The MDC, for its part has run a well organised electoral campaign, and its tactic of independent vote counting, and encouraging other groups to do their own counting, is important. Less impressive, was the tactic of pre-empting the official presidential result. This condemned the MDC to a war of nerves with ZANU–PF, and the state has won this battle every time. This time, however, time is on the MDC’S side; although they have claimed victory overall, they have learned from previous mistakes. In 2002 Tsvangirai pre-empted the official result by announcing that he had won the presidential elections, and preparing to move into State House. The state bided its time, and when they announced a victory for Mugabe, Tsvangirai, in the absence of independently verifiable poll statistics, was left without a counter-strategy. This time Tsvangirai knows that the plethora of independently verified election results works in his favour.
ZANU–PF has made two errors in this election; first, they misjudged the strength of support for the opposition, and the level of popular dissatisfaction for President Mugabe. A year ago, the opposition had been literally battered into submission by the state; riven by internal disputes; politically outmanoeuvred by Mugabe and marginalised by regional recognition for Mugabe; the MDC seemed to be imploding. The state also believed that the entry of Simba Makoni into the contest would help to neutralise the MDC by splitting the opposition vote. This has not happened; Makoni received approximately 10 per cent of the vote but he has not significantly dented the levels of support for either of the big two.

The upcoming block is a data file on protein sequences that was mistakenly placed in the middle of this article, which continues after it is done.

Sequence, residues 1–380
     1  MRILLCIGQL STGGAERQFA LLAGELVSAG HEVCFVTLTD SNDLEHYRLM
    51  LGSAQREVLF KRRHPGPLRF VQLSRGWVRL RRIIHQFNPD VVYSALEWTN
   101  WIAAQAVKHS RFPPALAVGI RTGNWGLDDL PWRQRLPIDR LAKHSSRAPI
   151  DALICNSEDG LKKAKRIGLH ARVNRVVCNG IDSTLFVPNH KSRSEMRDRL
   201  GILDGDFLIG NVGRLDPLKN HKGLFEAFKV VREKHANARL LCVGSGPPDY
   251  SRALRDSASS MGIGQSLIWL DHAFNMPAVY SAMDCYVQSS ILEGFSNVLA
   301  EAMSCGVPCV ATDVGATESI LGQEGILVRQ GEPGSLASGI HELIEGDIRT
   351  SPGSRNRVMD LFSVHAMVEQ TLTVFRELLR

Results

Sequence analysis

The second error was in replacing the heavily politicised Registrar’s Office which had previously run elections, with the civilianised, professional and relatively apolitical Zimbabwe Electoral Commission (ZEC). The ZEC pinned the voting results to the polling booths on Sunday, thus allowing Zimbabwe’s citizens to do their own vote-counting. This democratisation of the vote counting process has made it practically impossible for the state to get away with the successful vote-rigging charades of previous years, since there are independent statistical tallies to counter the official result.
For its part, the MDC may also have blundered by pre-empting the result of the presidential poll. This is certain to infuriate the party and security sector hardliners who, will point to this as evidence of an MDC ‘civilian coup’ and it will strengthen their insistence that, at the very least they can buy time with a second round run-off. It will also weaken the bargaining power of the ‘moderates’ who will be urging Mugabe to step down.
Talks within talks
It is assumed that the delay in announcing the results was to give the state time to falsify the results. This is only partly true; I would contend that the real reason for the delay is because of the divisions within ZANU-PF itself, to decide on the next step. Following the poll, there have been daily conclaves within the Party and the Joint Operational Command (JOC) to decide what to do. Within the Party, and within and between the security sectors, there will be divisions between hardliners who insist on announcing a ‘points win’ for Mugabe which necessitates a run-off; and moderates, who want to acknowledge a victory for Tsvangirai and would urge Mugabe to step down.
Despite the denials from both parties, there are talks between the MDC and ZANU-PF on ending the crisis. Tsvangirai looked and sounded very presidential at his press conference on Tuesday, and on Wednesday the MDC pre-empted the official result by announcing that it had won the vote, and stating the margin of victory. Although this shows the level of confidence in the MDC that they will soon be the next government, it is also a risky strategy. The state views such pre-emption as a civilian coup – and it could well harden Mugabe’s natural inclination to fight to the bitter end.